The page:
Michael J. Gorman expresses some surprise in his The Death of the Messiah and the Birth of the New Covenant that there hasn’t been a developed “covenant” model of the atonement. We have substitutionary, sacrificial, Christus Victor, moral influence, and so on, but no model that uses the biblical category of “covenant” to organize the whole.
Gorman overstates the historical point; in Reformed federal theology, the covenant plays a prominent role in atonement theology. Still, a covenant model has never gained quite the stature of the others. That is a bit odd. Gorman rightly argues that this is a “not so new” model, since it’s rooted in the New Testament.
By as “covenant” model, he means a model that emphasizes that the “ultimate” goal of Jesus’ death is to realize the prophetic promise of the new covenant by gathering a transformed people, empowered by the Spirit to live in courageous, suffering faith, hospitable love, and peaceable hope. Christ’s death is the source of this community of the new covenant, and, as the community participates in Christ by the Spirit, His death on the cross also provides the cruciform shape of that community’s life and mission. The new covenant model, he argues, integrates what is often separated – ethics, spirituality, ecclesiology, pneumatology, mission – and is able to incorporate the best insights of the more common atonement models into a larger whole. Rather than focusing on the mechanics of atonement, the “how,” the covenant model focuses on the “what”; instead of stopping with penultimate ends of the atonement (forgiveness of sins, for instance) the covenant model highlights the ultimate aim, the formation of a people.
Gorman makes a compelling case for this model, first by identifying the elements of the prophetic promise and then by demonstrating that those elements are evident throughout the New Testament. Along the way, he offers a neat response to New Testament theologies that would posit a gap between Jesus and Paul, and, surprisingly, argues that one important but neglected element of continuity between the two is an emphasis on participation.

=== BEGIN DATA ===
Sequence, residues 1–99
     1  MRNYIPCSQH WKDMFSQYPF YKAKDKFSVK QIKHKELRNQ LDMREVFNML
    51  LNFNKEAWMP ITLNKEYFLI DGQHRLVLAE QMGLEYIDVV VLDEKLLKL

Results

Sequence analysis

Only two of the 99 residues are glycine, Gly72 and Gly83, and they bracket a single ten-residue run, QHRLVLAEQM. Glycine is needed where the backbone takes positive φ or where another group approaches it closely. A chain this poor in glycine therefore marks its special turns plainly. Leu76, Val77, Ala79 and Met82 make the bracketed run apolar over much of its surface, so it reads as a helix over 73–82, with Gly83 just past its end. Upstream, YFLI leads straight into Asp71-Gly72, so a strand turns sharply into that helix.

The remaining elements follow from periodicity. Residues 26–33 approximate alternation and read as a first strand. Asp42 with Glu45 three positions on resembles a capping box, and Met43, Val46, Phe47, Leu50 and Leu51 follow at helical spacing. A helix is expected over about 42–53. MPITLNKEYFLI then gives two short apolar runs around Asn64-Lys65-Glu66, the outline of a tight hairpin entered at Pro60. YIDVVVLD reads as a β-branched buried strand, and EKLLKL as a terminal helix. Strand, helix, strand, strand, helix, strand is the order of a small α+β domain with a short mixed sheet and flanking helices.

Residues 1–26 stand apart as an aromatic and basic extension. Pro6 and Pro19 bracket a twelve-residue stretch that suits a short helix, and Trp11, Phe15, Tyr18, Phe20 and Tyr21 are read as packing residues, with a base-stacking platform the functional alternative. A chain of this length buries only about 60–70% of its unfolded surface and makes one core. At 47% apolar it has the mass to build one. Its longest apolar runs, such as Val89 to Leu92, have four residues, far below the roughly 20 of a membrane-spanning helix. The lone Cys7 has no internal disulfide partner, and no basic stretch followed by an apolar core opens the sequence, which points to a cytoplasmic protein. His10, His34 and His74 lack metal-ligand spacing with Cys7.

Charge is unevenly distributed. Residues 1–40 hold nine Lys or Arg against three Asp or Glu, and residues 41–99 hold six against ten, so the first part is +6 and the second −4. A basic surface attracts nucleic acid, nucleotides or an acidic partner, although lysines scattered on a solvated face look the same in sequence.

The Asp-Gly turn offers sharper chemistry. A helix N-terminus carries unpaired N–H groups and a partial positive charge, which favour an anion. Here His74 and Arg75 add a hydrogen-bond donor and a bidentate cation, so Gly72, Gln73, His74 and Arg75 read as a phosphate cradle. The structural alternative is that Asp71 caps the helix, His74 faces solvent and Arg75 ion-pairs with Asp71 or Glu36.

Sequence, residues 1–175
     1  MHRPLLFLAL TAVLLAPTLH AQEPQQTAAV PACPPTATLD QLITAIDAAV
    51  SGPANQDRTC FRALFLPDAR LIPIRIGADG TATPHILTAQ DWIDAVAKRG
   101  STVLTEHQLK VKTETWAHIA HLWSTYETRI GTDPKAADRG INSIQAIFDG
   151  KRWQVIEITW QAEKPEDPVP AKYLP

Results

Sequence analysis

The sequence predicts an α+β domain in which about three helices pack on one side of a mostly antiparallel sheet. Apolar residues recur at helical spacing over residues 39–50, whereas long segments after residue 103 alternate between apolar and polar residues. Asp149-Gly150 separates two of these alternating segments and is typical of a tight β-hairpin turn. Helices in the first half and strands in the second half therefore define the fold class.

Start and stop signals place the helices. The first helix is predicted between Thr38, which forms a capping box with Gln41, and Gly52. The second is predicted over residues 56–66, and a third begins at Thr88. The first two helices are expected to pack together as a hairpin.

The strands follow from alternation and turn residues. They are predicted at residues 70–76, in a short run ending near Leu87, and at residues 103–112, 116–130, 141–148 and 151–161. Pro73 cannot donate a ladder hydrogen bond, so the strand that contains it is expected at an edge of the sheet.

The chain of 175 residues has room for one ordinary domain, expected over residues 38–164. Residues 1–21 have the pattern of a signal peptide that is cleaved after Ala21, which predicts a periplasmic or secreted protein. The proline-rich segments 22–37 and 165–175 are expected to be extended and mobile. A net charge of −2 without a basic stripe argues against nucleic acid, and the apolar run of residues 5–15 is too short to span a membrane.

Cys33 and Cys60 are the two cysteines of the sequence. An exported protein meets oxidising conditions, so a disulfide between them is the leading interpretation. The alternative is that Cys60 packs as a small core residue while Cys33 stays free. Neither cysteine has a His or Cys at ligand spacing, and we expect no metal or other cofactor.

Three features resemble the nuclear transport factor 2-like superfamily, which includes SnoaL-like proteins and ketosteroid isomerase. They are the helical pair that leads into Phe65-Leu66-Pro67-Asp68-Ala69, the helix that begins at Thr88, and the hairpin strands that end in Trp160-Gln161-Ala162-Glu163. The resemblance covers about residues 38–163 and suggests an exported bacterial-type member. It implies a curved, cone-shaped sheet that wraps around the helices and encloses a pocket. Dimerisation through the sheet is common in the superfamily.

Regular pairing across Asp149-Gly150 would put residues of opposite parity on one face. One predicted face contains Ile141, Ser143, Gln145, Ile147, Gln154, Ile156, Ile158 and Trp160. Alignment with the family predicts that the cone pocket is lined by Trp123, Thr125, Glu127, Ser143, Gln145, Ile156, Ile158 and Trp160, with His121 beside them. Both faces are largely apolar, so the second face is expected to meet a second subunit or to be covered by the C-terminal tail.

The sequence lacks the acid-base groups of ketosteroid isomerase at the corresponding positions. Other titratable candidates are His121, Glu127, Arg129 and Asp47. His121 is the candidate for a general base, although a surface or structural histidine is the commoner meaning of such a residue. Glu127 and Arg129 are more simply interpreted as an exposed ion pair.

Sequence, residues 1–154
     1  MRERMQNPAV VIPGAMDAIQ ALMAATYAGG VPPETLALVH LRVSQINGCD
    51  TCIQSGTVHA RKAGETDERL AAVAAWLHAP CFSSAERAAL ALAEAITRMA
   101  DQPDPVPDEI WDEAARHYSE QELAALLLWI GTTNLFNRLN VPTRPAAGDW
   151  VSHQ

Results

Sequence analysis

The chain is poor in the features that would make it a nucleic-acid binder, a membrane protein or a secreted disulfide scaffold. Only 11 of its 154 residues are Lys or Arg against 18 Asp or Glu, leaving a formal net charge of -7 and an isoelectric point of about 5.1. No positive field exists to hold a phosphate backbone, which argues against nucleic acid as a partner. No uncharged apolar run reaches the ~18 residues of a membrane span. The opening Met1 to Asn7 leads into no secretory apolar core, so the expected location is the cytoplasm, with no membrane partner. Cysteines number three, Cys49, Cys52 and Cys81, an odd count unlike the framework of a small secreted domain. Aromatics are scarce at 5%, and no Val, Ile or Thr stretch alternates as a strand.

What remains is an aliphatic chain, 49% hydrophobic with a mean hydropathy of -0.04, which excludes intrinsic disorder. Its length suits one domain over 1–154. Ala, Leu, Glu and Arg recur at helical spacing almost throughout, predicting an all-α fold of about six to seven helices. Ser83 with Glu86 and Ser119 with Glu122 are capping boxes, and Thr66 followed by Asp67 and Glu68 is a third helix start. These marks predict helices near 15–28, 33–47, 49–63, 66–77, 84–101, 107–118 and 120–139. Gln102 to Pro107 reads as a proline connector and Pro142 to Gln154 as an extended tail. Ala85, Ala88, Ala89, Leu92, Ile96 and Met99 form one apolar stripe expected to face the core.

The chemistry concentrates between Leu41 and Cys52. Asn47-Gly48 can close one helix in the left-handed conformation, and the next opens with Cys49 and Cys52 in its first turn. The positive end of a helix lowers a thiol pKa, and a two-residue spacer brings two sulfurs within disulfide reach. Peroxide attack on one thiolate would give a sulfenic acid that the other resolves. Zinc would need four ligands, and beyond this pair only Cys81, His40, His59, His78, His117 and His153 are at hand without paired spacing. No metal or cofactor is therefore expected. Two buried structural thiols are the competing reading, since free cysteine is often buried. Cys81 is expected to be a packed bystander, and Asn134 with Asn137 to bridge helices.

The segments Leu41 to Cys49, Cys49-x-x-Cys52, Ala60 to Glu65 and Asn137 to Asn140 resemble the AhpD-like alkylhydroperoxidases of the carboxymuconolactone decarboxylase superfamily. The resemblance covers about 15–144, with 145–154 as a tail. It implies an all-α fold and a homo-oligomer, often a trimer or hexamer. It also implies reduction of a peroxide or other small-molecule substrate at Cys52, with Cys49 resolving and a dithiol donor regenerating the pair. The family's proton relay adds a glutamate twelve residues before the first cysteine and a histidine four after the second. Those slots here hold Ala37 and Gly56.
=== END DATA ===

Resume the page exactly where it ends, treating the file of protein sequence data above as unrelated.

This is a stimulating and helpful book, but I have a few criticisms. First, while Gorman is correct that “peace” is a more prominent feature of New Testament teaching that is sometimes thought, I don’t think this translates simply into “non-violence.” Second, Gorman’s emphasis on the distinction between the “how” and the “what” works against his best intentions. His denial that he’s talking about “mechanics” of atonement assumes an idea of “mechanics” borrowed from other models, models that he thinks are limited in scope. He comes closer to what I think is his stronger argument toward the end of the book when he suggests that the “how” includes not only Jesus’ “objective accomplishment” but His disciples’ “subjective participation” (210). In short, I don’t see Gorman ignoring “how”; rather, he offers a perspective from which the “mechanics” can be reconsidered, perhaps more adequately. After all, the “how” questions cannot help but arise: If we claim that the death of a Jewish teacher 2000 years ago changed the world, we’d better be prepared with some answer to the inevitable “how” questions.
Finally, I think Gorman’s argument would have been clearer and firmer if he had paid more attention to the features of the “old” covenant that Jesus fulfills. Gorman begins with the prophets, but spends most of his time in the New Testament. Discussing Hebrews inevitably takes him back to Leviticus, but not enough. If the atonement gives birth to the new covenant, then the atonement is understood in large measure by the difference of old and new. The scholastics understood this; Thomas set his discussion of the Passion in the context of a discussion of the movement from the “old law” to the “new.” We can’t satisfactorily grasp what it is we’re being redeemed from unless we know more about the old world.